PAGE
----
Bangladesh’s strong textile and fabric industry drives 80 percent of the country’s export economy, the 57th largest in the world. Only China and the European Union topped Bangladesh’s clothing exports in 2015. Clothing exports made up almost 14 percent share ($26 billion) of Bangladesh’s 2015 gross domestic product (GDP).

Bangladesh has experienced GDP growth of 6 percent or more since 2011 and 7.3 percent in 2017, the second-most of all South Asian countries behind Bhutan.

Human Assets Index

Becoming a developing country also requires notable progress in education and health. The CDP’s human assets index is calculated by maternal and under-five infant mortality, malnourishment, gross literacy, and gross secondary school enrollment.

From 2011 to 2016, Bangladesh boosted its literacy rate from 47 to 73 percent. Room to Read, a non-profit organization, dedicated to girl’s education and child literacy in Asia and Africa, has opened 6,000 classroom libraries for over 300,000 Bangladesh children in 1,000 primary schools. The organization has concentrated its outreach in rural areas such as the Brahamanbaria District, a flood-prone area just 14 meters above sea level, and the Natore District, an agriculturally dependent rural area. Bangladesh has also reached all-time highs of secondary school enrollment rates: 72.5 percent for girls and 69 percent for both sexes.

The Strengthening Household Ability to Respond to Development Opportunities II (SHOUHARDO II)–Bangladesh project has reduced physical growth failure due to chronic malnutrition, known as stunting, by 13 percent in children under the age of five. Bangladesh villages affected by the SHOUHARDO II project are Cox’s Bazar, Mymensingh, Rangpur and Sirajganj regions. As part of the SHOUHARDO II project, women learned optimal breastfeeding, life-skills, and investment and finance strategies. This project also implemented a monthly food ration program consisting of wheat, vegetable oil and yellow split peas. There is also an indication of improving health conditions for women in Bangladesh as maternal mortality ratios dropped by 32 percent from 2012 to 2015.

Per Capita Income

With a current economy worth $686.5 billion and a gross national income per capita of $1,433, Bangladesh has exceeded the average least developed country for over 20 years. On its road to becoming a developing country, about 50 million people in Bangladesh have escaped extreme poverty (living on $1.90 a day) since 1991. This rate has declined from 40 percent to 14 percent today.

While Bangladesh still faces challenges, such as Rohingya refugees, overpopulation, flooding and insufficient sanitation, it is well on its way to becoming a developing country within the years to come.

Thomas Benjamin
Photo: Flickr

economic growth
Gross Domestic Product, or GDP, is the measure of goods and services produced in an economy — an often-used tool to measure the success of a nation’s economic growth. While this has been the main measure of success over the last century or so, many are starting to questions its effectiveness at measuring total welfare of a country. While it is important to look at other factors in country growth, GDP remains a key aspect of reflecting the top ten countries with growing business.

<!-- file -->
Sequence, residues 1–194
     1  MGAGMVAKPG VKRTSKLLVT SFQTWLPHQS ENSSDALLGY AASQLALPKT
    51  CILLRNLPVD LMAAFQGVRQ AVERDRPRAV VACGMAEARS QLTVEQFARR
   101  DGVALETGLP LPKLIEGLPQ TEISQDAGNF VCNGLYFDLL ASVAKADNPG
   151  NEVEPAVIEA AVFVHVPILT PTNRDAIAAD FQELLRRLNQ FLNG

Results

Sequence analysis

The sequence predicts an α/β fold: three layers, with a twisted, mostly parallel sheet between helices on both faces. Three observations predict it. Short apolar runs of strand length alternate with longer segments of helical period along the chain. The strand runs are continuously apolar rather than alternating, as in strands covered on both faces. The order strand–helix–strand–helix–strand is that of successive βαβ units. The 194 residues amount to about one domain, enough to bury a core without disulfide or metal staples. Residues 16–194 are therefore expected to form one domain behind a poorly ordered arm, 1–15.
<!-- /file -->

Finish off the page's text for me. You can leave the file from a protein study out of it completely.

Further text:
The average world GDP growth is slightly under 3 percent, annually. As of 2017, the following countries have made the top ten list of fastest growing economies; interestingly, they are all developing countries.

10 Countries Seeing Economic Growth

  1. Ethiopia: 8.3 Percent
    Ethiopia has predominantly been an agricultural country — a fact that is still one of the main sources of business used. However, the country is growing into other fields that shows promising investment opportunities, such as construction or real estate and manufacturing items that range from anything from consumer purchasing to company purchasing.At this point, income for the average citizen still remains at one of the lowest levels, but the continued economic growth has had a positive effect i.e. bringing extreme poverty from 55.3 percent in 2000 to 33.5 percent in 2011.
  2. Uzbekistan: 7.6 Percent
    Uzbekistan is mainly known for its natural gas, gold and copper exports; however, when Russia and China’s markets decreased, this had a directly negative impact on the nation from 2013 to 2016. The Uzbekistan government evaluated its form of market and created space for investment and business growth within its systems. This evaluation had a positive impact, as Uzbekistan moved from fifth on the GDP growth list in 2015 to second in 2017.
  3. Nepal: 7.5 Percent
    A good deal of business has been drawn to Nepal and developed within Nepal due to a need for basic resources such as water, electricity and communication within the nation, especially after the 2015 earthquake. While this market still exists, Nepal’s ability to take the natural disaster and use it as an opportunity to grow and develop is a sign of its imagination and strength.
  4. India: 7.2 Percent
    India is the highest country for outsourcing, and the nation’s ability to use its resources of education and skills has created a unique market to many other countries. Inequality still holds India back from reaching its full potential, but many are speaking out against caste systems and gender inequality, thus drawing attention to the varying gaps (wage and education) surrounding different demographics.